TGI Friday! Our weekly round-up of recently published research abstracts | 24 June 2016

From Physiotherapy Practice and Research, 4 June 2016.

A study of UK physiotherapists’ knowledge and training needs in hypermobility and hypermobility syndrome

Lyell, M.J.(a)*, Simmonds, J.V.(b,c), Deane,J.A.(d)
(a) University of Hertfordshire, School of Health and Human Social Work, Hatfield, UK
(b) University College London, Institute of Child Health, London, UK
(c) Hospital of St John and St Elizabeth, Hypermobility Unit, London
(d) Imperial College London, MSK Lab, School of Medicine, London, UK
Correspondence: [*] Corresponding author: M.J. Lyell, SCAS Office, Cumbria Villa, Chase Farm Hospital, 127 The Ridgeway, Enfield, Middlesex, EN2 8JL, UK. E-mail: miranda.lyell@beh-mht.nhs.uk.

Abstract

BACKGROUND

Physiotherapists play a fundamental role in managing adults with hypermobility and hypermobility syndrome (HMS). Access to training and its influence on the physiotherapy treatment of hypermobile adults is unknown.

OBJECTIVES

The purpose of this study was to: i) Explore UK physiotherapists’ knowledge of hypermobility and HMS in adults. ii) Establish the relationship between knowledge and training or experience. iii) Investigate the future training preferences of physiotherapists in this area.

DESIGN

A nationwide online survey

METHODS

A cross-sectional survey design collected quantitative and qualitative data. A validated hypermobility questionnaire was adapted and distributed as a self-administered electronic survey. A panel of expert practitioners confirmed face validity.

PARTICIPANTS

UK physiotherapists, experienced in treating adults with musculoskeletal conditions were invited to participate via purposive and snowball sampling of relevant professional networks and clinical interest groups

ANALYSIS

Microsoft Excel and SPSS were used to analyse data. Chi-squared analysis was used to explore relevant associations. Thematic coding of qualitative data was quantitatively analysed.

RESULTS

244 Physiotherapists participated. A significant association was found between training and knowledge of HMS (P < 0.001). Furthermore, training was associated with increased clinical confidence in both assessment (P < 0.001), and management (P < 0.001) of the condition. However, 51% of physiotherapists reported having no training in hypermobility, only 10% had undergone training in hypermobility at undergraduate level and 95% requested further training. CONCLUSION There are significant gaps in training received by UK physiotherapists’ in the assessment and management of HMS, despite the significant association observed between training and the degree of clinical confidence and knowledge reported.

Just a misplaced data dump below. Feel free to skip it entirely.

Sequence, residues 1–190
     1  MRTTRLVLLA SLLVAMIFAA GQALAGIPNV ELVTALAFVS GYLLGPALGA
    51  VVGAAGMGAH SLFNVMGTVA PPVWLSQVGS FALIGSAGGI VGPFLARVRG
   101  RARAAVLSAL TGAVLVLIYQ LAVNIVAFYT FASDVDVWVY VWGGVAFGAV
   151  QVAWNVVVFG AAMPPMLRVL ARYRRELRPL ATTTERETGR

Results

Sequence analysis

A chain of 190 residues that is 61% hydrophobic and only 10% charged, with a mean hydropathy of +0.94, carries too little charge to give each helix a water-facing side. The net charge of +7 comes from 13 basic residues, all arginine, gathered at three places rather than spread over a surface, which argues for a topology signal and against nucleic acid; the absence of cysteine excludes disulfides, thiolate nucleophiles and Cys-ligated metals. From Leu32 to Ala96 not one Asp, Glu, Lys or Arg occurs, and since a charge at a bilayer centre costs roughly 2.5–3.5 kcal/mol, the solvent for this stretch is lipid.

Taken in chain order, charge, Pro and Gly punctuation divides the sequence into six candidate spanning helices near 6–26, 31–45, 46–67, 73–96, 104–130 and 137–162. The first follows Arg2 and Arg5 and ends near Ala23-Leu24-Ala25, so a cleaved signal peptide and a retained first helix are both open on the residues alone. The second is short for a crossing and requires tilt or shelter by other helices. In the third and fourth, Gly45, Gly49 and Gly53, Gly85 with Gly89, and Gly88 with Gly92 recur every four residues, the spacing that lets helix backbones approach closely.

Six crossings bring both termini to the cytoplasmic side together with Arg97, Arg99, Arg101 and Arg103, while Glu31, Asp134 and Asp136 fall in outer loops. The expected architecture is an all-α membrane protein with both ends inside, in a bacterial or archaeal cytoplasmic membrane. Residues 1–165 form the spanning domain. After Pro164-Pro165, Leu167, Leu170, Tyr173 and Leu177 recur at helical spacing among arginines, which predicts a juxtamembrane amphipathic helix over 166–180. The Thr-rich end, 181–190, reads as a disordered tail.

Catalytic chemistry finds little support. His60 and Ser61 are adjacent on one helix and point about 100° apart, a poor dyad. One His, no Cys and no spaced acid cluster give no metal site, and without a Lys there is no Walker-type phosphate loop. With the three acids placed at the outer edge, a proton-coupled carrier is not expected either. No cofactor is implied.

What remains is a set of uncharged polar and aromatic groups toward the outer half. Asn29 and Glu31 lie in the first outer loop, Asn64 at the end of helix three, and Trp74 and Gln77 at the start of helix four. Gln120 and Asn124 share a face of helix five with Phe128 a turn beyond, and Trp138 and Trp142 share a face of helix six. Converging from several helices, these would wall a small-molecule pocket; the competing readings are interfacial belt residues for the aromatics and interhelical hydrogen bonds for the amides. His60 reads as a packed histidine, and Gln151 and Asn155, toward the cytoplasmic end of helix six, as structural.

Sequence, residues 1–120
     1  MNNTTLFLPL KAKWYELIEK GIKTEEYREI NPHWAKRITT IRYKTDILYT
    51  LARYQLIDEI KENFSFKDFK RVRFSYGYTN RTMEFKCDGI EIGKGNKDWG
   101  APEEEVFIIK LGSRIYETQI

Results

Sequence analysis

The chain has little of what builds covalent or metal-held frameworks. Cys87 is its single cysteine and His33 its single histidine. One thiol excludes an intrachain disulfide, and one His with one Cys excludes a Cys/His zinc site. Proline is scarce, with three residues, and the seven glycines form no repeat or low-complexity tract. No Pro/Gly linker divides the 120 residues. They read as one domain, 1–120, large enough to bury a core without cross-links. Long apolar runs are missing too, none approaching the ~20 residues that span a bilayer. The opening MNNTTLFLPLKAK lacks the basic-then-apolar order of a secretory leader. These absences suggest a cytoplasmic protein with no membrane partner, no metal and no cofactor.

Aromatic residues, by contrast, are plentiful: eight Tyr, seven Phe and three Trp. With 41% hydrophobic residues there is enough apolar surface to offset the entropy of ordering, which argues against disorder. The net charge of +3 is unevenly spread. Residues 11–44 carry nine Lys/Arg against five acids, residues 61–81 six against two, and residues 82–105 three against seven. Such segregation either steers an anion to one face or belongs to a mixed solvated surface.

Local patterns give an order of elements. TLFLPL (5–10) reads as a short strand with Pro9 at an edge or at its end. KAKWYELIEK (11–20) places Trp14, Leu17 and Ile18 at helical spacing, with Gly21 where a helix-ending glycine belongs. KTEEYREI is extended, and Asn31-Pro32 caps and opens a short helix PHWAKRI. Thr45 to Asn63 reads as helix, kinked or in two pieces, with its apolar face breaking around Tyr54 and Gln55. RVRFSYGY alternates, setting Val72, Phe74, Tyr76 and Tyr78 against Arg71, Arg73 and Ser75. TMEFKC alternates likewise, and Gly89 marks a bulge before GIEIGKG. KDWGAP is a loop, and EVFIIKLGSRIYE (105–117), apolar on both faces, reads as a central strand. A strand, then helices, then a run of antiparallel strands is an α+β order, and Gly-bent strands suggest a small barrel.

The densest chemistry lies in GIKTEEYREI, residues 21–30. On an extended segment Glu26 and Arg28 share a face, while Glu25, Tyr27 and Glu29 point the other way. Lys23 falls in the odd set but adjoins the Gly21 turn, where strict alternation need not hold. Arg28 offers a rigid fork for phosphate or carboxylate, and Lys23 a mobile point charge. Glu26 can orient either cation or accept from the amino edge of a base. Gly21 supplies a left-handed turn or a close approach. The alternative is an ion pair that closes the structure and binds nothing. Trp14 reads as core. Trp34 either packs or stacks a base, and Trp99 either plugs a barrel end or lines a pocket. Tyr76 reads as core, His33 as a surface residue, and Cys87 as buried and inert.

From Social Science and Medicine, 18 June 2016

“You get to know the people and whether they’re talking sense or not”: Negotiating trust on health-related forums

Ellen Brady, Julia Segar, Caroline Sanders
University of Manchester, United Kingdom

Highlights

• The use of online forums by individuals with LTCs is a complex and nuanced process.
• Participants trust those with similar experiences and perspectives as themselves.
• Users can access a personalised form of support based on the experiences of peers.
• Role of digital literacy in developing online relationships must be acknowledged.

Abstract

The internet is increasingly being used as a source of health advice and information by individuals with long term conditions (LTCs). Specifically, online forums allow people to interact with others with similar conditions. However, it is not clear how online health information is assessed by those with LTCs.

This study aims to address this gap by exploring how individuals with contested and uncontested LTCs utilise internet forums. Semi-structured interviews were conducted with 20 participants with ME/CFS and 21 participants with type 1 and 2 diabetes and analysed using thematic analysis.

Participants were recruited via online and offline routes, namely forums, email lists, newsletters, and face-to-face support groups.

The findings indicate that the use of online forums was a complex and nuanced process and was influenced by a number of individual and illness-specific factors. Participants trusted those with similar experiences and perspectives as themselves, while also valuing conventional biomedical information and advice.

By accessing support online, forum users were able to draw on a personalised form of support based on the lived experiences of their peers. However, the role of digital literacy in developing and maintaining online relationships must be acknowledged.


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